As the office turns: Counselors, administrators and staff work to help seniors apply to colleges each fall

October 16, 2018 — by Megan Chen

During busy college applications time, staff members are also working hard to help.

In the fall semester, while seniors scramble to find time to write and edit the essays they will later send to colleges, administrators and counselors alike are busy, putting together envelopes and writing recommendation letters to paint a picture of each senior for admissions officers.

Each year, the senior class is divided evenly among the four administrators and four counselors. In turn, they spend dozens of hours writing school reports about the seniors they’re assigned to.

The college application process varies in complication depending on which schools seniors decide to apply to. Those who apply to community colleges, California State Universities, UCs or other public universities will apply through a straightforward online application, not needing a processed request of teacher or office recommendation letters. Additionally, out of these public universities, only UCs require student written essays, making the process simpler for the office staff.

In comparison, the private college application process is much more complex. Although the application process is still online in the form of the Common Application, the schools often require letters of recommendation from both teachers and administrators.

Students purchase envelopes from the office and fill in the appropriate information regarding which colleges they want to apply to, including the deadlines and requests for recommendation letters, as well as student information from other teachers.

Guidance secretary Sharon Fong then prepares envelopes that enclose transcripts and basic student information for the administrators and counselors to write their reports.

“We’re very busy right now, especially because [in addition to processing all the college applications] we also have to dive right into National Merit Scholar applications,” Fong said.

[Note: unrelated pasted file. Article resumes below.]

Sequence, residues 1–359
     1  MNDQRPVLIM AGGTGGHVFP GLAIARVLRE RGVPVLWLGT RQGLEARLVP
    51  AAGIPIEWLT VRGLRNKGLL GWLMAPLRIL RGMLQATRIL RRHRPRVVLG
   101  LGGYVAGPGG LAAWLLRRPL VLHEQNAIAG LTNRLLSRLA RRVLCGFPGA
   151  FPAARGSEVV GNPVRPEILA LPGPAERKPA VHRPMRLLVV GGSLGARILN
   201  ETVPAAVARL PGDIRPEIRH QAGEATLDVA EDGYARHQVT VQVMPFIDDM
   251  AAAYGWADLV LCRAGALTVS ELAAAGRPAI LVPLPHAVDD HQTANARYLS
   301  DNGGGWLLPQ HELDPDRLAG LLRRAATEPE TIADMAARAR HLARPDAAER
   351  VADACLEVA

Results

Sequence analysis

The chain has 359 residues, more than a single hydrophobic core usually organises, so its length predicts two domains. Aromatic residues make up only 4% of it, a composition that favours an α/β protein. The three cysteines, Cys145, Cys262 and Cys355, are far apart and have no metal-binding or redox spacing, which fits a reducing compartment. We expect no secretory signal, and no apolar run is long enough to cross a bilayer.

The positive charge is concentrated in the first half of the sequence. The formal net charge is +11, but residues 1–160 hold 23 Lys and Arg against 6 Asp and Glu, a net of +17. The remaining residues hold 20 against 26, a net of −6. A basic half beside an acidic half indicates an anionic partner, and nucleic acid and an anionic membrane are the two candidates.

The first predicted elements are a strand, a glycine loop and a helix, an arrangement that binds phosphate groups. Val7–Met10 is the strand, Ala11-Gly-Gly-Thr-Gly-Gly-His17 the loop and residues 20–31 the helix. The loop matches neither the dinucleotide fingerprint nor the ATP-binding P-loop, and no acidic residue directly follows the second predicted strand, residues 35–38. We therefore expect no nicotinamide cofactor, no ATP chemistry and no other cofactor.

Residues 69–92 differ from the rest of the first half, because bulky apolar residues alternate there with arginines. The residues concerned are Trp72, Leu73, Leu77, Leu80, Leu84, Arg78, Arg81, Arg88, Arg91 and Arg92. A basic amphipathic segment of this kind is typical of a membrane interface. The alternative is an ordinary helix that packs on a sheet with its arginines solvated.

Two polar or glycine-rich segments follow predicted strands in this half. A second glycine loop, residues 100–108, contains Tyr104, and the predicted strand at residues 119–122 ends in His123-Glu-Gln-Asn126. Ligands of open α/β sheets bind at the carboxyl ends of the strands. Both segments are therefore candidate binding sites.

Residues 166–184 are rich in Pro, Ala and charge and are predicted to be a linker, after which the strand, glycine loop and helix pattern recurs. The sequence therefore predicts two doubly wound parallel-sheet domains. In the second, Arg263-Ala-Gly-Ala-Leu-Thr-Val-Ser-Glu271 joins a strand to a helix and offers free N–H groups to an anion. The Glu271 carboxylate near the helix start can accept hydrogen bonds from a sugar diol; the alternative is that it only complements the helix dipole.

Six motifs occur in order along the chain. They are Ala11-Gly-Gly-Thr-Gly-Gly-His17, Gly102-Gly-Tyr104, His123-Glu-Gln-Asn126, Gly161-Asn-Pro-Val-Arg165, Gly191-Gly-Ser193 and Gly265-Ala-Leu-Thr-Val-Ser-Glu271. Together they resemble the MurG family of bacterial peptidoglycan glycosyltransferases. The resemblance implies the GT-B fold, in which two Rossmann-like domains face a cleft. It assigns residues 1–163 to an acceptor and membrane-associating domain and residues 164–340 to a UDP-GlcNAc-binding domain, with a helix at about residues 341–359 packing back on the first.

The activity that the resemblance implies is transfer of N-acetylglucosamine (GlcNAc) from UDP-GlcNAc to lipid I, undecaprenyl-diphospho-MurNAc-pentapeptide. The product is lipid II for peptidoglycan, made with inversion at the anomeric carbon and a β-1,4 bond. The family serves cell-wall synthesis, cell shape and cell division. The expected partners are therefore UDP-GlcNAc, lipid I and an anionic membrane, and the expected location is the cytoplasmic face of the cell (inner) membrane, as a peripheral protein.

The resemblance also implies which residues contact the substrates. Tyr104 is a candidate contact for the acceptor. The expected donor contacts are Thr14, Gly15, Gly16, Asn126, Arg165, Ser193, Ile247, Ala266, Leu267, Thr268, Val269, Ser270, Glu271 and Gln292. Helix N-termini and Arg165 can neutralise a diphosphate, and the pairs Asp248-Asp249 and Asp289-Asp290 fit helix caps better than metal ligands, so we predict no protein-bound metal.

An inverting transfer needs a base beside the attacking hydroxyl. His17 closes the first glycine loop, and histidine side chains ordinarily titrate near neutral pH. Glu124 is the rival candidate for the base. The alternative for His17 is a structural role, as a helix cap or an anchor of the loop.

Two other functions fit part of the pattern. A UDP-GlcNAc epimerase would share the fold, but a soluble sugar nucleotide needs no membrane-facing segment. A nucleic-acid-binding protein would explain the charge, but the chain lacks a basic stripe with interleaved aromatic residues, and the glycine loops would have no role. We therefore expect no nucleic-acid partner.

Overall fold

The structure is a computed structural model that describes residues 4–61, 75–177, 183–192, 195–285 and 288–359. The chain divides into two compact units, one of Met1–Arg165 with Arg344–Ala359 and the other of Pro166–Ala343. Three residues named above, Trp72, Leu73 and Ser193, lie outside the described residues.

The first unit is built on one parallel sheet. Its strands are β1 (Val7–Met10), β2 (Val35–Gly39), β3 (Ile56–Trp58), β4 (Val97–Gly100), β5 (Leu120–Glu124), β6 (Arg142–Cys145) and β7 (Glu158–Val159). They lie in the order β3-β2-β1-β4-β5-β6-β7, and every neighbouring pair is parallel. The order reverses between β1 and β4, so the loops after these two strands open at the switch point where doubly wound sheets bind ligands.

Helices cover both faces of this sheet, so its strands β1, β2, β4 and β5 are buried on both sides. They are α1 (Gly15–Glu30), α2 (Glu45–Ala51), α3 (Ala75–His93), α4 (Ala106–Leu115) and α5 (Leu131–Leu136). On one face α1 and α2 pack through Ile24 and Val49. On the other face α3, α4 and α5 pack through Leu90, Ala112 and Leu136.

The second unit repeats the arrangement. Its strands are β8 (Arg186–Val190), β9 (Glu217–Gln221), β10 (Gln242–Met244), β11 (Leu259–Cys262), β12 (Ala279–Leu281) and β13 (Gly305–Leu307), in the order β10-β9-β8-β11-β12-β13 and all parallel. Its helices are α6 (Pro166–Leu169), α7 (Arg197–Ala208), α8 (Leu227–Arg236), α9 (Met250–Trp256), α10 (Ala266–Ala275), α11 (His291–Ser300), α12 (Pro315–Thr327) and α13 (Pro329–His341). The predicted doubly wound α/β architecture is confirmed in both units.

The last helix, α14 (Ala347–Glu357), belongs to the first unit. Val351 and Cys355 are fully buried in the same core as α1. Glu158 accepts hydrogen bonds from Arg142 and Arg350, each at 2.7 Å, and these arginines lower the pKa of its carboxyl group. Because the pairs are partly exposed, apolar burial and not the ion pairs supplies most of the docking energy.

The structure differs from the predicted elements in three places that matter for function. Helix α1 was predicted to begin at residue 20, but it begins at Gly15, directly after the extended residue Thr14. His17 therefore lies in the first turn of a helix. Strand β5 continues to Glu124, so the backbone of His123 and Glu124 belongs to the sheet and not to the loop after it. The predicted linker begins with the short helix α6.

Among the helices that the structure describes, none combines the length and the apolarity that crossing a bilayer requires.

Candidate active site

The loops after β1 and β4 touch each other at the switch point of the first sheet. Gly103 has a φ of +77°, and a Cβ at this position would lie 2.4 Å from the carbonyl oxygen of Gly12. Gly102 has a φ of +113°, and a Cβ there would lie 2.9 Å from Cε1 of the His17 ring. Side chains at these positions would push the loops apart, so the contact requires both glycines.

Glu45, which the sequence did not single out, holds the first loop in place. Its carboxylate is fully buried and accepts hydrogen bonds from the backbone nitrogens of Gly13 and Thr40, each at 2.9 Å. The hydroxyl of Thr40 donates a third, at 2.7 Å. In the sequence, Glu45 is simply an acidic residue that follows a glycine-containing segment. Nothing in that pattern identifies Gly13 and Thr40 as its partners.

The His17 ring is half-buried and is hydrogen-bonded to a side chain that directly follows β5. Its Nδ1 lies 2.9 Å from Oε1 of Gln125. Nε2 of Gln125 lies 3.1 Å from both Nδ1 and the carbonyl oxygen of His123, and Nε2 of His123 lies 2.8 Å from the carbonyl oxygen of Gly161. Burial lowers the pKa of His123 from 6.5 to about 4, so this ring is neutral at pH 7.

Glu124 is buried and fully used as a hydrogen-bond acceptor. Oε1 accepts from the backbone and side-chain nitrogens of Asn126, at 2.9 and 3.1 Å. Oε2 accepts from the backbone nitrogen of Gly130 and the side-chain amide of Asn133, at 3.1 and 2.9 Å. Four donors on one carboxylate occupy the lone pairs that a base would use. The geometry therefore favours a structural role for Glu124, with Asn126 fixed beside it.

The counselors receive the packets, which contain the necessary information to write and send quality recommendation letters for their students.

“The packets are essentially the last part of the three-step process of applying to college,” counselor Frances Saiki said. “The process starts with testing when students are juniors, then we help them decide which colleges to apply to and finally students send in their essays and applications.”

On Sept. 12, seniors turned in the packets for colleges with applications due on or before Dec. 1, which included those under the early admissions deadline and some scholarship deadlines. On Nov. 7, students will turn in the set of packets for regular admissions deadlines, for which Fong will also attach the semester grades to the envelope she sends out.

According to assistant principal Brian Safine, around 70 percent of seniors have indicated that they are applying to private colleges this year, meaning the office staff will be busy writing and organizing letters in the next two months.

Every year, Safine said he usually writes about 20 to 30 letters, and sometimes even writes double that number.

In the midst of all these applications, the office staff has many valuable tips for the seniors.

The most important thing for seniors to do is to define the criteria in a college that’s most meaningful to them,” Safine said. “In the final analysis, students will be the ones attending their chosen college for four years, so their personal definition of a good college will mean far more than someone else’s.”